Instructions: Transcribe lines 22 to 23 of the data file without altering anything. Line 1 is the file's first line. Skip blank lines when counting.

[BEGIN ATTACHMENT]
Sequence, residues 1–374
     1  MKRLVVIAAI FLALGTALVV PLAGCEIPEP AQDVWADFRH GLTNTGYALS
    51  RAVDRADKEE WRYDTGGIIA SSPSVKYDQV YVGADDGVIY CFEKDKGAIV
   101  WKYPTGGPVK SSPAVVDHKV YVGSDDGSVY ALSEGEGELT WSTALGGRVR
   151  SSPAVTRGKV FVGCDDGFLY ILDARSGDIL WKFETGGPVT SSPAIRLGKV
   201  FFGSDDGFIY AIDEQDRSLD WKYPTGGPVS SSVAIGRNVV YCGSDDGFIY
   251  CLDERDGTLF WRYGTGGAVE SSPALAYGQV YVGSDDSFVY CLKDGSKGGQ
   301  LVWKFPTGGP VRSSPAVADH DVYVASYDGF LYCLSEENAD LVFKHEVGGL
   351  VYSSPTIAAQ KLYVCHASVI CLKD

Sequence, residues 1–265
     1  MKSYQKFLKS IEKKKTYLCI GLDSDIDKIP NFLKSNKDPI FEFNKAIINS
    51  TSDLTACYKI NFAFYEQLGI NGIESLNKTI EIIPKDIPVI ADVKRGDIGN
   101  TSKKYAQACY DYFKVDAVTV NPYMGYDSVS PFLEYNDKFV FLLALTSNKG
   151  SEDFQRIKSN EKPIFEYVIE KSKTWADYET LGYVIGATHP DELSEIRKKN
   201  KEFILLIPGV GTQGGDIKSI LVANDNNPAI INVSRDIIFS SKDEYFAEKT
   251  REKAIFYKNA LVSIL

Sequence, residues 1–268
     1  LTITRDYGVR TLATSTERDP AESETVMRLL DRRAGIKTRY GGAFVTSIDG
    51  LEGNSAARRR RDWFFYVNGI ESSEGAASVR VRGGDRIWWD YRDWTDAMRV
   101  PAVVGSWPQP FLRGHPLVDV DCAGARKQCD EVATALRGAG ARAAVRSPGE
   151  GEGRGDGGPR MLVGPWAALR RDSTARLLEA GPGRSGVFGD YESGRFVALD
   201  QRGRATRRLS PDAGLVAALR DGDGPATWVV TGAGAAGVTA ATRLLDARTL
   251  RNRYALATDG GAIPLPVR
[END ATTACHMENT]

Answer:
   201  QRGRATRRLS PDAGLVAALR DGDGPATWVV TGAGAAGVTA ATRLLDARTL
   251  RNRYALATDG GAIPLPVR